New Jersey has become the latest state to drop marijuana-related charges as it moves toward full legalization. The New Jersey Judiciary announced Monday night that it had “vacated or dismissed” nearly 88,000 marijuana cases since July 1, with more potentially on the way.
New Jersey became the 13th state to decriminalize marijuana after Governor Phil Murphy signed three laws in February, following a strong response from residents to a ballot question in November. The Judiciary also said that a total of 360,000 cases in the state had been flagged for potential dismissal.
According to the Judiciary’s statement, the specific charges eligible for expungement are “distribution of certain quantities of the drugs, possession of certain quantities of the drugs and possession of paraphernalia; use or being under the influence of the drugs; and operating a motor vehicle while in possession of the drugs.”
As marijuana legalization laws roll out state by state, advocates have frequently called for them to be accompanied by the dismissal of criminal charges related to weed. In March, New York’s Marijuana Regulation and Taxation Act cleared the newly decriminalized drug charges from the records of state residents.
Last November, prosecutors from a majority of counties in Arizona moved to expunge all possession of marijuana charges, the Associated Press reported. This came in response to citizens voting for legalization in the 2020 elections.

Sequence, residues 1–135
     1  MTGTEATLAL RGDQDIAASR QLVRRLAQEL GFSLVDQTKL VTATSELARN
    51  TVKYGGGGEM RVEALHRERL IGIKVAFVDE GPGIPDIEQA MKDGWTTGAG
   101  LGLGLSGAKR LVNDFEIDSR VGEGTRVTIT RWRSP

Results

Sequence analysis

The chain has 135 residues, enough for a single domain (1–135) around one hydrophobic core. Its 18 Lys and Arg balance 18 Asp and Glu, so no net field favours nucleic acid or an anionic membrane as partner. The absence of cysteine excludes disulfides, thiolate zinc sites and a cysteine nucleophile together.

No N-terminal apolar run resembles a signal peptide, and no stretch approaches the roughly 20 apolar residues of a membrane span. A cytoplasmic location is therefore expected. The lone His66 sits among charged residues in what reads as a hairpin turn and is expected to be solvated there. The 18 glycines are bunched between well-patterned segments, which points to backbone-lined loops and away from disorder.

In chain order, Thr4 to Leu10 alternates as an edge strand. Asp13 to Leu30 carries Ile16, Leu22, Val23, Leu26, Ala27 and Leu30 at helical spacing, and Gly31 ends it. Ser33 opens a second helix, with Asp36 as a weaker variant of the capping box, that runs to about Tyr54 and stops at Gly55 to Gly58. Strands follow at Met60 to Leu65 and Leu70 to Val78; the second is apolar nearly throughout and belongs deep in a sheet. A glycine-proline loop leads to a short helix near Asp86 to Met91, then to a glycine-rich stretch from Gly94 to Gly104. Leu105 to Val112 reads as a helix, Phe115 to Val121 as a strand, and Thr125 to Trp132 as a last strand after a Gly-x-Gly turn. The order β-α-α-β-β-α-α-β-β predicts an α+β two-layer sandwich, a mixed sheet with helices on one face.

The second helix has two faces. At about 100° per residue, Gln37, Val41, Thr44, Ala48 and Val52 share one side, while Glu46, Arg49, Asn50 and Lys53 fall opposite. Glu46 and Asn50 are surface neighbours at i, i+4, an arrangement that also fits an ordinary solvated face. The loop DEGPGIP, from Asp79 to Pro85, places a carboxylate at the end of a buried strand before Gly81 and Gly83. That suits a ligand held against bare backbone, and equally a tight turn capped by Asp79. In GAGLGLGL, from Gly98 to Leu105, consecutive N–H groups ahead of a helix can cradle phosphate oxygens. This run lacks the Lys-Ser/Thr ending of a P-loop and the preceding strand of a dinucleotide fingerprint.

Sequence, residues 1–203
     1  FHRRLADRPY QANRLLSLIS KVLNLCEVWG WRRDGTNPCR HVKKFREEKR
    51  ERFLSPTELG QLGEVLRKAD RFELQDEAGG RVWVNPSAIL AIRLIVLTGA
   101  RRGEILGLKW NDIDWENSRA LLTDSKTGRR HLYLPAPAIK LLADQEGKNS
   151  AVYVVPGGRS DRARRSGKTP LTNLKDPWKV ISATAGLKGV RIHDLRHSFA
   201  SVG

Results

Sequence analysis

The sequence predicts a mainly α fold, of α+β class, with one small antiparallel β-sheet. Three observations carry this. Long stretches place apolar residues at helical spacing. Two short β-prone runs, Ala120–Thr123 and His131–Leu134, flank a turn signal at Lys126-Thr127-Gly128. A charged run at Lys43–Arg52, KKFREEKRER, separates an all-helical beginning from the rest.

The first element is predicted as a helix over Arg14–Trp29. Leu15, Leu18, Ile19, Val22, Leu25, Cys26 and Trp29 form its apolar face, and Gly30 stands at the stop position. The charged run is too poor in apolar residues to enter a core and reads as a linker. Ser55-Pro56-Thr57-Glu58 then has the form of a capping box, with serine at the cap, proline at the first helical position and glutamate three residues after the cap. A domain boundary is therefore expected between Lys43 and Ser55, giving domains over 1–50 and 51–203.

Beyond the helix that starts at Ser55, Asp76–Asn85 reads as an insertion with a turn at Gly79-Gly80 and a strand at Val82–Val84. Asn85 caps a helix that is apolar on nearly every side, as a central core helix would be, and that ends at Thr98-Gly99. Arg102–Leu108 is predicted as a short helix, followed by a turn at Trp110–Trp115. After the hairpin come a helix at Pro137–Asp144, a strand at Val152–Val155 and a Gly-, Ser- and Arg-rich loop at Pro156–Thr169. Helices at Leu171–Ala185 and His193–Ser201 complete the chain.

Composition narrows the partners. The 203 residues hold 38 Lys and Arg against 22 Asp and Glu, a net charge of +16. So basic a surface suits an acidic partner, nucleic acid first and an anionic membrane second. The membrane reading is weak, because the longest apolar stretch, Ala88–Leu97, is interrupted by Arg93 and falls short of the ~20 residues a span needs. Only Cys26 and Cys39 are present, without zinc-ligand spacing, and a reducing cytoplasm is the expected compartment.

While marijuana has yet to be decriminalized at the federal level, support is overwhelming among Americans. Recent polling puts the support for legalization at 91 percent nationwide. This number has more than doubled over the past 20 years.
Recently, Democrats in Washington have been making a push for federal decriminalization of marijuana. On April 20, Senate Majority Leader Chuck Schumer said he intended to put a federal legalization bill before the Senate soon. A similar bill passed in the House of Representatives late last year but was voted down in the Senate.
According to Marijuana Moment, a publication that tracks marijuana policy activity, sources close to the matter said Schumer will present this latest federal bill as soon as Wednesday.
The common argument in favor of legalizing weed—that it will lead to greater tax revenue—appears to be holding true as state marketplaces open up. A May report from the Marijuana Policy Project said that states with legal marijuana brought in $2.7 billion in taxes in 2020 alone, with around $7.9 billion since 2014.
Recreational marijuana has been fully decriminalized in 19 states, as well as in Washington, D.C., and Guam. Every state except Idaho and Nebraska has some sort of allowance for medical marijuana use.